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FRESH COMPLAINT by Jeffrey Eugenides Kirkus Star


by Jeffrey Eugenides

Pub Date: Oct. 3rd, 2017
ISBN: 978-0-374-20306-1
Publisher: Farrar, Straus and Giroux

Well-off, well-intentioned people find their just-so lives upended, often in curious ways, in this first collection of short stories by Eugenides (The Marriage Plot, 2011, etc.).

Two of the stories here are close cousins to Eugenides' novels: “Air Mail” features Mitchell, the lovelorn spiritual seeker in The Marriage Plot, battling a case of dysentery in Thailand, while “The Oracular Vulva” concerns a researcher studying the same intersexual characteristics that stoked the plot of Middlesex (2002). But neither of those stories reads like a lesser dry run for a more serious work, and the collection throughout is marked by a rich wit, an eye for detail, and a sense of the absurd. The plots often involve relationships hitting the skids, as in “Early Music,” in which a couple watches their artistic ambitions crash into the brick wall of fiscal responsibility, or “Find the Bad Guy,” about a green-card marriage gone awry. (The contents of the narrator’s pockets tell a pathetic tale in itself: “loose change, 5-Hour Energy bottle, and an Ashley Madison ad torn from some magazine.”) Eugenides enjoys putting his characters into odd predicaments: “Baster” centers on a woman pursuing a pregnancy via the title’s kitchen gadget, while the writer who narrates “Great Experiment” contemplates defrauding his wealthy but stingy employer, using de Tocqueville’s writings as a rationalization. But Eugenides never holds up his characters for outright mockery, and the two fine new stories that bookend the collection gracefully navigate darker territory: “Complainers” is narrated by a woman confronting her longtime friend’s dementia, and “Fresh Complaint” turns on a young Indian-American woman’s provocative scheme to escape an arranged marriage. We humans are well-meaning folk, Eugenides means to say, but life tends to force us into bad behavior.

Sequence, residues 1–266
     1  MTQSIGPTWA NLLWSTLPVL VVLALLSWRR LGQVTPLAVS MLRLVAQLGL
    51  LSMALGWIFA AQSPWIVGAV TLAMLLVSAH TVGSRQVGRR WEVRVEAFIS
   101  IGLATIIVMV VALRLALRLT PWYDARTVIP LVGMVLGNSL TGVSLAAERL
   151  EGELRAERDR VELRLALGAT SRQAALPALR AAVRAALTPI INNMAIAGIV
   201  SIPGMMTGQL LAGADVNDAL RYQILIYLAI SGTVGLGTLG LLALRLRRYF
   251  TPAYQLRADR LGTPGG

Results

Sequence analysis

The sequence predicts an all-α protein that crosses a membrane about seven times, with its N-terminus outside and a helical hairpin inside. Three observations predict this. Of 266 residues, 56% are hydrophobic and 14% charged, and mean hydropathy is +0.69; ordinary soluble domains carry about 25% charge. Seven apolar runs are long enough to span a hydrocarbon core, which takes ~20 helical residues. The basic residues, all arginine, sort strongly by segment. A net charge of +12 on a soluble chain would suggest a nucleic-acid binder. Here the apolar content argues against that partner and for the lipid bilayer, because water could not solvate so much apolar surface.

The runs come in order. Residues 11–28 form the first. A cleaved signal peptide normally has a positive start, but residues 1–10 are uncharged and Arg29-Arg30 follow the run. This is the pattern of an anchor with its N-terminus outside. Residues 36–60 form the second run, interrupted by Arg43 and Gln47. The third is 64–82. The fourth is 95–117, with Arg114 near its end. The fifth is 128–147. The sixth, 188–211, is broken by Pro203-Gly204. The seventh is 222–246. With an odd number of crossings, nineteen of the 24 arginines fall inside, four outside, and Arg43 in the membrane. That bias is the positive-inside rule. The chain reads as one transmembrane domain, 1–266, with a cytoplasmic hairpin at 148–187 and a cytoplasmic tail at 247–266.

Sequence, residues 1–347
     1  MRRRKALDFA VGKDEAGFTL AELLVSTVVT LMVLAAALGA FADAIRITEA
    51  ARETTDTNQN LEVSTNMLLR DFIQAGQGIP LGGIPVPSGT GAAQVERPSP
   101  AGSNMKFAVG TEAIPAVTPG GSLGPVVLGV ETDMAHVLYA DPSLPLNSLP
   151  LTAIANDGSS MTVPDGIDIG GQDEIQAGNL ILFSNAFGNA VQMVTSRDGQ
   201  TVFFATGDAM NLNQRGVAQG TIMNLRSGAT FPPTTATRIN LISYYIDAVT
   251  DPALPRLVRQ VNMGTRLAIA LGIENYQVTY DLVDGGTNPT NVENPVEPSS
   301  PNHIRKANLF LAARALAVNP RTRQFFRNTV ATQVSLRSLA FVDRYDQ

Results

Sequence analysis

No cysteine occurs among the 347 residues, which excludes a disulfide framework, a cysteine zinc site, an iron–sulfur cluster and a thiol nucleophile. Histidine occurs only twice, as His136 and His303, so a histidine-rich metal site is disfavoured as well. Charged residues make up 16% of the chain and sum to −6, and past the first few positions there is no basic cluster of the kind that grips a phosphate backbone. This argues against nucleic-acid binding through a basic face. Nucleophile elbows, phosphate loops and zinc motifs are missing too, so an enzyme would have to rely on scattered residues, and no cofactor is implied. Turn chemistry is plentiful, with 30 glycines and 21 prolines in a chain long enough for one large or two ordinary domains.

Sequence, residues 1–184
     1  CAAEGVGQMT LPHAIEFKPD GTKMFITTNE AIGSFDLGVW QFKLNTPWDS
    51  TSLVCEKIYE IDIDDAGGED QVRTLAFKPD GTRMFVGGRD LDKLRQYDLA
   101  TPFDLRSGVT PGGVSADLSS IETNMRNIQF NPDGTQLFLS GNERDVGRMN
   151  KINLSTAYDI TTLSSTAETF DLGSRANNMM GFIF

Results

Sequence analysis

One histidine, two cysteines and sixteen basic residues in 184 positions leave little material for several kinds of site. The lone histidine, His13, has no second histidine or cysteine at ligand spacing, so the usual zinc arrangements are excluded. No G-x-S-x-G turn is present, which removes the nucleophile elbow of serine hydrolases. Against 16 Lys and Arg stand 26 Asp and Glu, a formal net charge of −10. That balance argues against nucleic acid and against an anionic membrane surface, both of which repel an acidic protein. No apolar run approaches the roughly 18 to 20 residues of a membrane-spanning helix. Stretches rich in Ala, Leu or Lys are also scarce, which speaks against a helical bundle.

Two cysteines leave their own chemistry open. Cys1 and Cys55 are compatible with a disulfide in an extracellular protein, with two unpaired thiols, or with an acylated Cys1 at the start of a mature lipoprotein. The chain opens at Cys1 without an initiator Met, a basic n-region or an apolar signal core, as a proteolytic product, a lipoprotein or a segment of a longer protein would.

Sprightly or serious, Eugenides consistently writes about complex lives with depth and compassion.